Putting the ‘Net’ in The Netherlands

“In the early days, it was fascinating to see the ‘bottom-up’ approach to the Internet succeeding, whilst ‘top-down’ wasn’t really going anywhere,” says Boudewijn Nederkoorn. In the eighties, Boudewijn was involved in implementing a government-issued networking standard called Open System Interconnect (OSI) at the Nijmegen University Computer Centre. At the same time, Ted Lindgreen and Jaap Akkerhuis were working at CWI, creating the first fibre network to operate on the TCP-IP Internet protocol in Europe. “The bottom-up approach was far more interesting and we could already see the Internet’s enormous potential. However, we couldn’t simply abandon OSI - adopting this standard was a condition for our funding.”

In 1987, CWI decided they wanted to hand over management of the fibre network to another party and asked the NLUUG (Unix User Group The Netherlands) whether they could take care of this. Ted was a board member, had the required experience and volunteered! This resulted in the foundation of NLnet, of which Ted became Managing Director in 1991.

Top-down networks continued to ‘interfere’ with commercially driven fibre initiatives. Ted: “NLnet first operated a closed ‘members only’ network and later set up a legally organisation, the NLnet foundation, as a way of working around leading global telcos, such as PTT (later KPN), who were developing top-down structures. We kept this up until 1991, when the changing telecom laws allowed us greater freedom.”

Birth of AMS-IX

In the early nineties, companies preferred to do business with the United States through direct lines, instead of going through network providers, such as NLnet. Ted: “This led to the decision to set up a local Internet exchange. Not the most obvious choice from a competitive point of view, but we weren’t really interested in such considerations. NLnet, which was a foundation, was far more idealistic. Together with SURFnet - a not-for-profit organisation - we just wanted to make sure the Internet was properly established.”

Together with Boudewijn of SURFnet, Ted set up the legally structure of the exchange: “This expanded on a rudimentary Ethernet switch operated by Rob Blokzijl at Nikhef-H, the Dutch institute for subatomic physics. Boudewijn and I decided an association of providers was the best way forward. The Amsterdam stock exchange had already claimed the name AIX, so we opted for AMS-IX.” Ted stayed on as a Secretary until UUNET acquired NLnet in 1998.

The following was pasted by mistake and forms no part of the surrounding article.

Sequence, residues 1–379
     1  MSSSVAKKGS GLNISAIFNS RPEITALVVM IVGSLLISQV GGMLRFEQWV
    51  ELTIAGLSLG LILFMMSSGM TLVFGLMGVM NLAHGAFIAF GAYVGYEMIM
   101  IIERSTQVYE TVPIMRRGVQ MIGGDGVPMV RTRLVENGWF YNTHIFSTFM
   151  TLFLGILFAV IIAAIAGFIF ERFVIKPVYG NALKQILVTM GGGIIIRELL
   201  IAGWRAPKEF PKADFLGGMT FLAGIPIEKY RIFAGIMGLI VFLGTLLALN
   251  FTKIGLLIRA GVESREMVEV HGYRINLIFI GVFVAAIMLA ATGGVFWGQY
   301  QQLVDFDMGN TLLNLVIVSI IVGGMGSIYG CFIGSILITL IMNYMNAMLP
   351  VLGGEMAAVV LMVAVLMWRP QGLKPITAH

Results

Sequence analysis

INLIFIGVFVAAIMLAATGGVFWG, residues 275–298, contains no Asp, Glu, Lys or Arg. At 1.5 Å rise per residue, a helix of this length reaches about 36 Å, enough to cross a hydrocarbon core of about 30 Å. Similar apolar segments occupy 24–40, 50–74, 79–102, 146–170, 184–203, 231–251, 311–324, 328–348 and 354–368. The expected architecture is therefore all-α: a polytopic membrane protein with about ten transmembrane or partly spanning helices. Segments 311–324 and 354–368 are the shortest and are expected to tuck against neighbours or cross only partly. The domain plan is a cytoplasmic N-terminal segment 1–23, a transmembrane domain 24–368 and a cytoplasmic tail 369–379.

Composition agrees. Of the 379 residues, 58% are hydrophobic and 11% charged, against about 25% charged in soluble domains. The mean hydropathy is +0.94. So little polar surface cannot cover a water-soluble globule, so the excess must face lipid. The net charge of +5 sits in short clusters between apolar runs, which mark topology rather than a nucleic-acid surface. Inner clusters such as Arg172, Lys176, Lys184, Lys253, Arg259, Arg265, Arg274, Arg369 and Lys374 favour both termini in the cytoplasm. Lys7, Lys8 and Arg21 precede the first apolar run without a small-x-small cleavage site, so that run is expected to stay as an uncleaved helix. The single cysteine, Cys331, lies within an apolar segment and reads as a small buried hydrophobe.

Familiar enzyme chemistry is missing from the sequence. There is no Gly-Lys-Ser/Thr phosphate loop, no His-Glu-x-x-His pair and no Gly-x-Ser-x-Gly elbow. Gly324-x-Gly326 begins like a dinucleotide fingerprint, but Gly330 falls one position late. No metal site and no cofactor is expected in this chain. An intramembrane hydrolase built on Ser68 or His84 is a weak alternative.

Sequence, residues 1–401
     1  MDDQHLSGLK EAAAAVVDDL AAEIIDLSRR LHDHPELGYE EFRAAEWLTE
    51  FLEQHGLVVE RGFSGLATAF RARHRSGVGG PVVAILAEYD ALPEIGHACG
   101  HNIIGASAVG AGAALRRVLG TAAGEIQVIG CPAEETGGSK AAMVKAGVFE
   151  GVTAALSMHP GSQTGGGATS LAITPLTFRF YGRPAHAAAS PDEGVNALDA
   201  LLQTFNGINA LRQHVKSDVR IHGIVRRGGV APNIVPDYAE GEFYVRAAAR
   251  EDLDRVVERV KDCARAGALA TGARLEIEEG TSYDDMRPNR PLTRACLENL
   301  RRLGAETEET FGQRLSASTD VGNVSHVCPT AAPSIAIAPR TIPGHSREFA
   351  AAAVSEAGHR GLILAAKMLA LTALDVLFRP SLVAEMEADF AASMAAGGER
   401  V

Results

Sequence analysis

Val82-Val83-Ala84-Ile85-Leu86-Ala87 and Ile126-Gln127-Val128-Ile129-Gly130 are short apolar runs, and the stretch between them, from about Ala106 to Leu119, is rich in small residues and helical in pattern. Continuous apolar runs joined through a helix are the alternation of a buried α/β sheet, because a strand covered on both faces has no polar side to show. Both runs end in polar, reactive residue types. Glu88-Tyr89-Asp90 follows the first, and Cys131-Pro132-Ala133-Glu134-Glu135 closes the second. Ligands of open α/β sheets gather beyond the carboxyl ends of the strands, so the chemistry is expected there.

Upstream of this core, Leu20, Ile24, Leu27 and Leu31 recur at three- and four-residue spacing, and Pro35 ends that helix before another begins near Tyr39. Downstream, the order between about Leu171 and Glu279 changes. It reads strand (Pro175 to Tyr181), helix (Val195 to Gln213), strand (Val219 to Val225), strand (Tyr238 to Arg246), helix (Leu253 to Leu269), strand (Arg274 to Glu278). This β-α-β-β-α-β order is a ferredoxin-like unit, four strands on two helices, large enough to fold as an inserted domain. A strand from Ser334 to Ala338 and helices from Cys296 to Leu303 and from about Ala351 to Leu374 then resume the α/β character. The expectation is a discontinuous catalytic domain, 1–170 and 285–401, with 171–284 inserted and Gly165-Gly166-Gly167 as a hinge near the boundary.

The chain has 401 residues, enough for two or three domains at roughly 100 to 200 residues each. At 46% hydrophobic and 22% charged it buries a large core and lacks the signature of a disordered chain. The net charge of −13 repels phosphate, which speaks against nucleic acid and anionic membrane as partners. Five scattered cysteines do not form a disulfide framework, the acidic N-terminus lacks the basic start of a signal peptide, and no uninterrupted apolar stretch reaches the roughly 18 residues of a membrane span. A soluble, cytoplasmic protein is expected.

Cooperation between SURFnet and NLnet wasn’t always smooth. “Although my business relationship with Boudewijn was good, SURFnet and NLnet were effectively competitors. Universities which were already connected to NLnet preferred not to move to SURFnet, as NLnet had a better network and charged much lower rates. SURFnet, determined to get these parties on board, opted for a private line instead of peering with NLnet at AMS-IX. Cooperation improved significantly from the moment SURFnet started to focus entirely on the university networks with the arrival of SURFnet 3 and NLnet began focusing on business and private networks.”

In 2000, the association started up the AMS-IX limited company. Boudewijn recalls: “The cooperation between myself as a supervisor and Job Witteman as Managing Director was constructive – even though we didn’t agree on everything! Developments were taking place rapidly, and we later realised that quite a few institutional, organisational and legal matters still needed to be organised properly. So I became Chairman of the Board and implemented a solid governance structure. By 2006, everything was working as intended and running smoothly, at which time I stepped down. I’m really proud to see where AMS-IX is today. The technical department has kept up extremely well with demand and caters to many different needs with multiple colocations.”

Further Internet developments

In Ted’s opinion, ‘real’ Internet innovation stopped in the late eighties. “The overall scale and resulting social impact have increased, of course, but nothing truly new has happened.” For Boudewijn, fibre networks remain an important focus point. “Through the ‘Fibre Overal’ foundation, I’m actively promoting the deployment of FTTH (Fibre to the Home). In essence, the concepts behind these projects are similar to the approach taken with SURFnet and AMS-IX: we aim to provide the best possible quality and support for our customers.”


Boudewijn Nederkoorn and Ted Lindgreen are AMS-IX ‘founding fathers’ and also initiated domain name registration body SIDN. Boudewijn was Managing Director of SURFnet for nearly 20 years (1988-2007), Ted was Managing Director of NLnet, the first Dutch ISP, from 1991 to 1998.